City Accidentally Releases Thousands of Retirees’ Social Security Numbers
Wednesday, March 21, 2012
The city of Providence on Tuesday accidentally released the Social Security numbers of nearly 3,000 former employees in response to a public records request.
In February, GoLocalProv filed an Access to Public Records Act request to obtain information about pension recipients in the capital city. The city’s legal team responded by e-mailing a .pdf file which listed every retiree, their retirement date, the date they began receiving a cost-of-living-adjustment (COLA), and the amount they receive each month.
The list also included columns for Social Security numbers and employee identification numbers that appeared to be redacted, but when the document was enlarged, the numbers were clearly on display. A closer review revealed that the city had only altered the “highlight” color of the document and that a change to the color revealed every retiree’s most personal information.
It is unclear how many copies of the file, which is accessible to any reporter or member of the public who requests it, have been sent out. It is also unclear if such a mistake has been made in the past.
City Files Restraining Order
A city spokesman was informed of the mistake shortly before 1 p.m. and said he would provide a statement after consulting with city lawyers. Instead, the city filed for a restraining order in an attempt to prevent a story from being written.
Despite GoLocalProv explaining to the city both over the phone and through e-mail that it never intended to post any retiree’s Social Security numbers, the city requested that all records be destroyed and asked that the website refrain from publishing anything regarding the document. In court, Assistant City Solicitor Kevin F. McHugh argued that the numbers posed potentially "irreparable damage," to the city's retirees, especially in a "9/11" world.
GoLocalProv agreed that all documents should be deleted, but Judge Sarah Taft-Carter said she did not see sufficient justification to bar publication of a story--so long as no sensitive personal information was disclosed.
"I know it's embarrassing for the city," Taft-Carter said. “But I'm not sure if that's the standard."
Retirees Concerned About Release
The city is currently attempting to negotiate massive concessions from former city employees in its quest to remain solvent. Early this month, Mayor Angel Taveras held a forum with retirees to discuss the city’s financial woes. Providence faces a $22.5 million deficit in the current fiscal year and Taveras has said he plans to freeze all cost-of-living-adjustments (COLAs) for retirees in an attempt to avoid municipal bankruptcy.
Representatives who retired from each of the major unions in the city have been asked to form committees by the end of this week to begin in-depth talks with the Taveras administration. The city hopes to have an agreement in place by May, but it has noted that any attempt to alter retirees’ pensions will likely end up in court.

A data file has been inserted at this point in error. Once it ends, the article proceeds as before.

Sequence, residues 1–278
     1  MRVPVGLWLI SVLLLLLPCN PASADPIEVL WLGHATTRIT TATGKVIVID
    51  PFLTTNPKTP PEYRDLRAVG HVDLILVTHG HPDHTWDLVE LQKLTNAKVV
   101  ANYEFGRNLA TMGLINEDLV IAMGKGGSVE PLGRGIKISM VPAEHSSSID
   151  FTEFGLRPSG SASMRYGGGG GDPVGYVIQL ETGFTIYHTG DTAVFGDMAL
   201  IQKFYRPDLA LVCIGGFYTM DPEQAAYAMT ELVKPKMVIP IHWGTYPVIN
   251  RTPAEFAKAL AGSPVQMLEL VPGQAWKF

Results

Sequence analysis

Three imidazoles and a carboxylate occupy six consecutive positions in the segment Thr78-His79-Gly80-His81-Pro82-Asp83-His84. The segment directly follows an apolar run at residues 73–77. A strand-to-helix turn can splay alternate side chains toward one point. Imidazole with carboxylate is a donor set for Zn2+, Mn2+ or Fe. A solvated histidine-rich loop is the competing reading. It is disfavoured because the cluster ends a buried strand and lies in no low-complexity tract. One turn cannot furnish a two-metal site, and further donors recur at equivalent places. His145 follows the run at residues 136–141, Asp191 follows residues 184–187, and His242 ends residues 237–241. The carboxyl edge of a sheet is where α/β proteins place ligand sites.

But a lawyer and several retirees on Tuesday offered mixed opinions about the city mistakenly releasing sensitive information in a public records request.
“I'm sure it was done in error,” said Joseph Penza, the lawyer who represents the retired police officers firefighters.
“This had to be a terrible mistake, but I don’t want [a reporter] or anyone knowing my Social Security number,” one retiree said. “How could this happen?”
“I just hope [the city] lets everyone know what happened,” another retiree said. “You can never be too safe these days. I’d like to know how many people saw the document and why the Social Security numbers were there in the first place.”
“As a lawyer and a citizen, I feel this is a complete violation of my rights,” Lombardi said. “It’s an invasion of privacy. It’s unconscionable. [The pension records] are certainly publicly information, but not the Social Security number.”
Day said if the personal information for thousands of retirees fell into the wrong hands, it could be “Christmas for criminals.” He said an outside investigation should be conducted and suggested the city “pay for LifeLock or PrivacyGuard for every retiree” to make sure their personal information remains safe moving forward.
Identity Theft Concerns
The accidental release of sensitive personal information in a public records request is not uncommon, although the amount of Social Security numbers provided by the city is significant. Last March, the Bloomfield Hills School District in Michigan agreed to purchase one-year ProtectMyID plans for 321 employees whose Social Security numbers were released to two individuals.
In 2010, a New Jersey school district also released hundreds of Social Security numbers following a public records request.
According to a report released by the Governor Accountability Office (GAO) last year, there were 248,357 tax-related identity theft incidents in 2010, up from just 51,702 incidents in 2008. In testimony to the Senate subcommittee on Fiscal Responsibility and Economic Growth, Florida Senator Bill Nelson called identity theft a “serious and growing problem in the United States.”
“The hundreds of thousands of taxpayers with tax problems caused by identity theft represent a small percentage of the expected 140 million individual returns filed, but for those affected, the problems can be quite serious,” he said.
With reports from Greg Berman.
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